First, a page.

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Want to foster camp camaraderie from day one? Want to avoid the cliché “getting to know you” activities that are seemingly inevitable at summer camp?

We all know that on the first day of camp, nerves, shy giggles, and awkward body language are in no short supply. That’s why we’ve come up with some fresh new icebreakers to turn awkward into ease for counselors and summer campers alike. Check them out!

#1: S’more Challenge

#2: Real-life CLUE

#3: Judge a Book By Its Cover

#4: Turn the Tarp

#5: Be Square


#7: Would You Rather

#8: Selfie Challenge

#9: Size Me Up

#10: Get Your Life in Order

#11: Heads Up

#1: The S’more Du Jour (“The S’more of the Day”)

Summer camp just isn’t summer camp without s’mores. So, why not start the summer off right by not only pumping the kids full of sugar but also bonding them together through competition?

This summer camp icebreaker doesn’t involve much preparation ahead of time, but you will need a few supplies to pull it off. First, make sure you have s’mores supplies on hand. Be sure you have enough for all of your campers and counselors. Next, create a simple obstacle course. This part is up to you. Simply create three age-appropriate obstacles. For example, each team could kick a soccer ball into a goal. Or, they could run from cabin to cabin collecting flags.

Once the campers arrive, split them up into groups of two or three. Then, explain to them that once they complete each obstacle as a team, they will receive one ingredient to make their S’more Du Jour. Once they’ve obtained all three ingredients, they’ll have to find a good roasting stick. Then, they’ll run over to the campfire (that you’ll already have roaring), and make the best s’more ever for their camp counselor. Whichever team does so first is the winner! And you can keep the other teams involved even if they don’t win. Simply tell them that they can only have their own s’more once they’ve completed the challenge.

#2: Real-life CLUE

Everyone loves a good mystery, right? Help your campers and counselors break the ice by playing a real life game of CLUE! Of course, this would take a lot of preparation, but imagine the memories the kids could take away from such an awesome icebreaker.

The setting…

Choose a large open setting to serve as the game board. This is where each of your murder locations will be located. You can indicate the location on the ground with tape if indoors or with a stake and an attached picture if outside. If you are having trouble envisioning this, take a quick look at the CLUE game board and do the best you can to replicate that at camp. Stage six murder locations on your “game board” and make cards for each one to be used for game play. Then, place pieces of tape down to indicate the spaces between each murder location. Fun hint: instead of mimicking murder locations from traditional CLUE such as the ballroom, the dining room, and the study, create summer camp-themed locations like a campsite, the kitchen, or the volleyball court.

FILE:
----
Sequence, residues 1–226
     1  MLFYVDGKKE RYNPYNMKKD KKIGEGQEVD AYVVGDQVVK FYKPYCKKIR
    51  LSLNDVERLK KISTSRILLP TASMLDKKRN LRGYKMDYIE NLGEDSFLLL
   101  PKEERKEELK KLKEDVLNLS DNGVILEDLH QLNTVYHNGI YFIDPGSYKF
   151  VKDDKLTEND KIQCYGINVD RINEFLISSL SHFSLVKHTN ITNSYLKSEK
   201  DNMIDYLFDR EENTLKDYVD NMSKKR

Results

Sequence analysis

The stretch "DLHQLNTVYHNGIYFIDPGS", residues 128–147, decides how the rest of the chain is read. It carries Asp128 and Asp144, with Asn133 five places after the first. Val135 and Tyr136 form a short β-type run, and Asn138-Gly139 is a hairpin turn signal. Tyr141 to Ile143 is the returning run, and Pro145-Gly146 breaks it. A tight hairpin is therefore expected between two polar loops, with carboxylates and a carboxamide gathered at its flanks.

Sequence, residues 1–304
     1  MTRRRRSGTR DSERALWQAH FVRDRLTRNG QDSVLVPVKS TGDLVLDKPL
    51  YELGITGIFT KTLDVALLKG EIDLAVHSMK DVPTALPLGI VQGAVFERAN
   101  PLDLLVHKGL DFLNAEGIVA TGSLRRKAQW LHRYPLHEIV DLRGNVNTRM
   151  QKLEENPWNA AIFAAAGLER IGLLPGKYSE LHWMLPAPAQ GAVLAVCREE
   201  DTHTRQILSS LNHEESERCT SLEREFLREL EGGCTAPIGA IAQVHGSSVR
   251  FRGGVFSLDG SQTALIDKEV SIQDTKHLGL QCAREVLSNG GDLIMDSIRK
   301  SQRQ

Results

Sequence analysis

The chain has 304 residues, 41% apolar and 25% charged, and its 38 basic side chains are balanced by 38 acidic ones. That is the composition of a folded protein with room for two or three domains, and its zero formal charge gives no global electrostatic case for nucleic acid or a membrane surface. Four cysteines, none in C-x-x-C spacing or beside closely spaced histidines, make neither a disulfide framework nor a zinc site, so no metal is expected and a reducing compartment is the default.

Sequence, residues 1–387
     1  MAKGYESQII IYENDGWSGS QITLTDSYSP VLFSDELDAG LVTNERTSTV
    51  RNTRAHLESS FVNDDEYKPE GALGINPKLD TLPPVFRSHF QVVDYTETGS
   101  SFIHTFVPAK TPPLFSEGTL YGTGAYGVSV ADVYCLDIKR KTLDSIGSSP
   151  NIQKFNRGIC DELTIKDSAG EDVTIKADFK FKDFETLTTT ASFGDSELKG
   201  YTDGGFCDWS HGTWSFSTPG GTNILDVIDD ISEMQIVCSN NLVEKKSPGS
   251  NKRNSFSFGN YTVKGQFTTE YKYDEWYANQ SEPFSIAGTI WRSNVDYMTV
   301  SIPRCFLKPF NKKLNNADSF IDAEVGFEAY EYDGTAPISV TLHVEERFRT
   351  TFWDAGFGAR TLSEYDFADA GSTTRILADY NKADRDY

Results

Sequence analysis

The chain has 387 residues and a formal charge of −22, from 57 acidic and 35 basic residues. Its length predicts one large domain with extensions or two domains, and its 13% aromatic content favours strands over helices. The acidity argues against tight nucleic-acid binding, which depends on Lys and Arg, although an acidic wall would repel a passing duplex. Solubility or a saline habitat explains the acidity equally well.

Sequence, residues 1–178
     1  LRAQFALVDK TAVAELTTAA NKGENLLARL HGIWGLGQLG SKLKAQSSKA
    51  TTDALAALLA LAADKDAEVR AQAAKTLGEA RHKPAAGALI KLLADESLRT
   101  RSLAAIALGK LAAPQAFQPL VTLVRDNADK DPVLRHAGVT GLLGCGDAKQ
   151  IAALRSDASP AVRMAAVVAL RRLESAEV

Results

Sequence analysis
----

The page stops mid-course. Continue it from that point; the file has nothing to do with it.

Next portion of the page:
Get creative with game supplies…

Next, have everyone write his or her name down on an index card. These will serve as character cards for the game. Lastly, determine silly camp-themed murder weapons like a boat oar, a marshmallow roasting stick, or a flashlight. Make a card for each of the potential murder weapons. Cool addition: if you’ve got a Polaroid camera laying around, take pictures of all of the campers/counselors, settings, and murder weapons and label each picture. For extra fun, have real-life props of each murder weapon for the kids to use while playing.

Time to play…

To play, follow the rules of the traditional game of CLUE. Take one random murder suspect card, one setting card, and one weapon card and place them in an envelope. Then, hand out all the cards to the players, give them a pen and paper to take some notes, and roll some dice to see who goes first. The contestants simply use the same guessing and revealing rules outlined in the traditional game of CLUE. Remember who goes in what order as your contestants move around the “game board.” Then, make guesses about what three cards are in the secret envelope to find out who dunnit!

#3: Judge a Book By Its Cover

Use this icebreaker for a quick and simple method to introduce counselors and campers. Campers will work together in small teams to learn all about their counselors.

Divide the kids into small groups of two or three. All you’ll need is a section of wall, a whiteboard, or even just a picnic table for each group to work with. For each counselor, you’ll need to come up with a list of ten interesting facts. The crazier the facts, the more fun (and surprising!) the game. So, let’s say you’ve got three counselors; for this game, you’d have ten facts each for a total of 30. Then, you’d make the same stack of 30 facts for however many teams you’ve got competing. It’s important that all teams have the same amount of facts.

How to play…